Additionally, the protocols will eliminate the two-shot penalty when a player signs an incorrect scorecard because the player was unaware of a violation.

Yes, I can hear you folks saying armchair rules officials help make sure every meaningful infraction comes to light. I hear you saying they make the game better, more honest, by helping reduce the possibility somebody violates the rules to win.

But at what cost?

The chaos and mayhem armchair referees create can ruin the spirit of fair play every bit as much as an unreported violation. The chaos and mayhem armchair rules officials create can be as much a threat to fair play as the violations themselves.

The Rules of Golf are devised to protect the integrity of the game, but perfectly good rules can be undermined by the manner and timeliness of their enforcement.

We have seen the intervention of armchair referees go beyond the ruin of fair play in how a tournament should be conducted. We have seen it threaten the credibility of the game in the eyes of fans who can’t fathom the stupidity of a sport that cannot separate common-sense enforcement from absolute devotion to the letter of the law.

In other sports, video review’s timely use helps officials get it right. In golf, video review too often makes it feel like the sport is getting it wrong, because timeliness matters in the spirit of fair play, because the retroactive nature of some punishments are as egregious as the violations themselves.  

We saw that with Lexi Thompson at the ANA Inspiration this year.

Yes, she deserved a two-shot penalty for improperly marking her ball, but she didn’t deserve the two-shot penalty for signing an incorrect scorecard. She had no idea she was signing an incorrect scorecard.

We nearly saw the ruin of the U.S. Open at Oakmont last year, with Dustin Johnson’s victory clouded by the timing of a video review that left us all uncertain if the tournament was playing out under an incorrect scoreboard.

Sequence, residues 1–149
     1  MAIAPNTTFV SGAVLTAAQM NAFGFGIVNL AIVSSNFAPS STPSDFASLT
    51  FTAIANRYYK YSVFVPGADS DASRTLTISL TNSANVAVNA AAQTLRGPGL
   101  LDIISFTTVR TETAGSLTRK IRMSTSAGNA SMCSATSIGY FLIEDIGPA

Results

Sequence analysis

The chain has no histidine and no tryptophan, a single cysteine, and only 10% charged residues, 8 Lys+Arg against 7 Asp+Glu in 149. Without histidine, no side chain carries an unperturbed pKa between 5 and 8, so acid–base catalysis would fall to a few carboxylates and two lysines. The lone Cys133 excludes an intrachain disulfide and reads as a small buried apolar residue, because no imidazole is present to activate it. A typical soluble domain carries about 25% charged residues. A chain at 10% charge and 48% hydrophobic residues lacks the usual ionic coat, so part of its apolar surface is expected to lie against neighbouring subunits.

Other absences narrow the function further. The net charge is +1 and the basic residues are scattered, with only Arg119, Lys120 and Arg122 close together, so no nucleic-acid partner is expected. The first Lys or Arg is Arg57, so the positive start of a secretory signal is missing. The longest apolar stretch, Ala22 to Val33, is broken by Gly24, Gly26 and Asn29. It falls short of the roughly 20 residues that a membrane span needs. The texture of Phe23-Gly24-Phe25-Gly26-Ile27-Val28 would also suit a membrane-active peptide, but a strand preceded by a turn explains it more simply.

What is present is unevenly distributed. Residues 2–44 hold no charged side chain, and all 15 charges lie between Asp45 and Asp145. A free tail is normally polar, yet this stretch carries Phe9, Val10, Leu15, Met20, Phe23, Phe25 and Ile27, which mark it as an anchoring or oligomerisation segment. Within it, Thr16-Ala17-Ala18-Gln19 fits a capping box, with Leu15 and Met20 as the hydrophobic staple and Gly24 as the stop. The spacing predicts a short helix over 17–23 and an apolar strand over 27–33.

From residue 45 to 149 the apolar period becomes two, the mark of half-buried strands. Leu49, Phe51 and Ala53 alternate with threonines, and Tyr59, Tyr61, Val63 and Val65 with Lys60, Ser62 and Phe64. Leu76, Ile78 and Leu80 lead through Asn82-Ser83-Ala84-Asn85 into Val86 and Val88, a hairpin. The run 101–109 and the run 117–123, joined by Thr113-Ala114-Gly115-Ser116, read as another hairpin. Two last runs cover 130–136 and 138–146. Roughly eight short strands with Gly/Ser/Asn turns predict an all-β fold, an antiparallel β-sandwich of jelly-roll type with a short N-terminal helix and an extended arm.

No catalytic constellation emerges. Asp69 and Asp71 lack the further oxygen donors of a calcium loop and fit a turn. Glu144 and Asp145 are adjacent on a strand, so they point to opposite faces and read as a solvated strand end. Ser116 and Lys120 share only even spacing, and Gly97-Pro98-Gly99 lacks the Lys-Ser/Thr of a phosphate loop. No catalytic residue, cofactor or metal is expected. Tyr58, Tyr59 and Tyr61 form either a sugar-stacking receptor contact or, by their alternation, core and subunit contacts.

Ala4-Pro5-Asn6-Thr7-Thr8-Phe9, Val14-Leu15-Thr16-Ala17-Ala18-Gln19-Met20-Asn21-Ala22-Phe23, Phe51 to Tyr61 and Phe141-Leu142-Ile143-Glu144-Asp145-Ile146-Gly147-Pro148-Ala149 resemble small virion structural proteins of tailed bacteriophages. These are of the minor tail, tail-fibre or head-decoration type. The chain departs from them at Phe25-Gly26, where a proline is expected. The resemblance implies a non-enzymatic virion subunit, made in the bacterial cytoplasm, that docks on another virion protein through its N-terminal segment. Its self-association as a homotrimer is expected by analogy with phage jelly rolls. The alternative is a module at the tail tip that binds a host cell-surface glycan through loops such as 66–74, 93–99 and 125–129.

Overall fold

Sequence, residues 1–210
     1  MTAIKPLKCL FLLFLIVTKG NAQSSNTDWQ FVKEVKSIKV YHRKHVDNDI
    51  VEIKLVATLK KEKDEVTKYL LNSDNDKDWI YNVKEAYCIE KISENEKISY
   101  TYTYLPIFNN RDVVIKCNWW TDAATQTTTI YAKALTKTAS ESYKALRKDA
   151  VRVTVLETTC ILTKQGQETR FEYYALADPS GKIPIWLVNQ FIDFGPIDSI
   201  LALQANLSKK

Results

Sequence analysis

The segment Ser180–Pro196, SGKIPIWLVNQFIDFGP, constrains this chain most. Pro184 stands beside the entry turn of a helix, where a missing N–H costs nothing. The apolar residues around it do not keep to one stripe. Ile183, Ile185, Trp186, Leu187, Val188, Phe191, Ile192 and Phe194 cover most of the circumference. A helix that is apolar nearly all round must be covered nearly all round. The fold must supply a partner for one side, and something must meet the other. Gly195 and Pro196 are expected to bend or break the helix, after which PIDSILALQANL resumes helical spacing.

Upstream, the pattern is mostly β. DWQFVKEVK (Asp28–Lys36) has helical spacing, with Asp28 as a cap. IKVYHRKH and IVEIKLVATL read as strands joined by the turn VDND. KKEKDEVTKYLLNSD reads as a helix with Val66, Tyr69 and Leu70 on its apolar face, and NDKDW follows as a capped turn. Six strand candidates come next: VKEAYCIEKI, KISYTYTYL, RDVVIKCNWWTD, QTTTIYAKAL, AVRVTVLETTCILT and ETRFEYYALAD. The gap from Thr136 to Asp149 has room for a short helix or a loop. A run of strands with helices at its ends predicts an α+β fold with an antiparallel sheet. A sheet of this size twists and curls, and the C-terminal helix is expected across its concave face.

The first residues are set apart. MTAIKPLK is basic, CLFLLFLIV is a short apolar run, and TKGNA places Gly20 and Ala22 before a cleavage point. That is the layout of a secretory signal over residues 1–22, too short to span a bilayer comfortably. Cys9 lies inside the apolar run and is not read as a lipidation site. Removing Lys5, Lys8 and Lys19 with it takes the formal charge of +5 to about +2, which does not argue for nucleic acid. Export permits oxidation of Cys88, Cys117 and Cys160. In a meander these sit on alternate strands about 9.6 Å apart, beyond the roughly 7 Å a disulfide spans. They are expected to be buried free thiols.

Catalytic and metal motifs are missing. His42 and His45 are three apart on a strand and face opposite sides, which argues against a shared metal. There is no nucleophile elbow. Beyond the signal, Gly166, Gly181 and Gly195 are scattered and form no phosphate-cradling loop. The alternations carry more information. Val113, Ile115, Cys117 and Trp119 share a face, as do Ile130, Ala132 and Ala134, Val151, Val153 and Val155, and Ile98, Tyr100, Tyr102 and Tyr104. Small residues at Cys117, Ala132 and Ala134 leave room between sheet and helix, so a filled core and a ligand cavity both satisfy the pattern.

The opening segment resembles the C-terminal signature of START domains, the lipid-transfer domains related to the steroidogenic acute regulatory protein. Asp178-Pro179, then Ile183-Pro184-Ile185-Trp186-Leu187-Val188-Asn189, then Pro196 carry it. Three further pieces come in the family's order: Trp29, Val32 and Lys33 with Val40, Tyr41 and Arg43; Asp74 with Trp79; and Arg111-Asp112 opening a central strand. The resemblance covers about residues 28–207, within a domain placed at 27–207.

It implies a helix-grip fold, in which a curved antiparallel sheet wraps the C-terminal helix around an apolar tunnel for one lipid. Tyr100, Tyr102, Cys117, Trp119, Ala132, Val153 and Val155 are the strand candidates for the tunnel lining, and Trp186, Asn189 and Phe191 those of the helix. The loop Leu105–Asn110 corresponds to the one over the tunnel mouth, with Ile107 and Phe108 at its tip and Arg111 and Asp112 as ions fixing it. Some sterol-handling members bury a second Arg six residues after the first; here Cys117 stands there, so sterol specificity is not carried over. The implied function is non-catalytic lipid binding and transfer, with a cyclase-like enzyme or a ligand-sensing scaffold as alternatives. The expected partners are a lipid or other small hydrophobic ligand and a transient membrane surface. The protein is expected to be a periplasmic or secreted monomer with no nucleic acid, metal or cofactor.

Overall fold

“What these protocols are put in place for, really, is to make sure there are measures to identify the facts as soon as possible, in real time, so if there is an issue to be dealt with, that it can be handled quickly and decisively,” Pagel said.

Amen again.

We have pounded the USGA for making the game more complicated and less enjoyable than it ought to be, for creating controversy where common sense should prevail, so let’s applaud executive director Mike Davis, as well as the R&A, for putting common sense in play.

Yes, this isn’t a perfect answer to handling rules violations.

There are trap doors in the protocols that we are bound to see the game stumble into, because the game is so complex, but this is more than a good faith effort to make the game better.

This is good governance.

And compared to the glacial pace of major rules change of the past, this is swift.

This is the USGA and R&A leading a charge.

We’re seeing that with the radical modernization of the Rules of Golf scheduled to take effect in 2019. We saw it with the release of Decision 34/3-10 three weeks after Thompson’s loss at the ANA, with the decision limiting video review to “reasonable judgment” and “naked eye” standards. We’re hearing it with Davis’ recent comments about the “horrible” impact distance is having on the game, leading us to wonder if the USGA is in some way gearing up to take on the golf ball.

Yes, the new video review protocols aren’t a panacea. Rules officials will still miss violations that should have been caught. There will be questions about level playing fields, about the fairness of stars getting more video review scrutiny than the rank and file. There will be questions about whether viewer complaints were relayed to rules officials.

Golf, they say, isn’t a game of perfect, and neither is rules enforcement, though these protocols make too much sense to be pilloried. They should be applauded. They should solve a lot more problems than they create.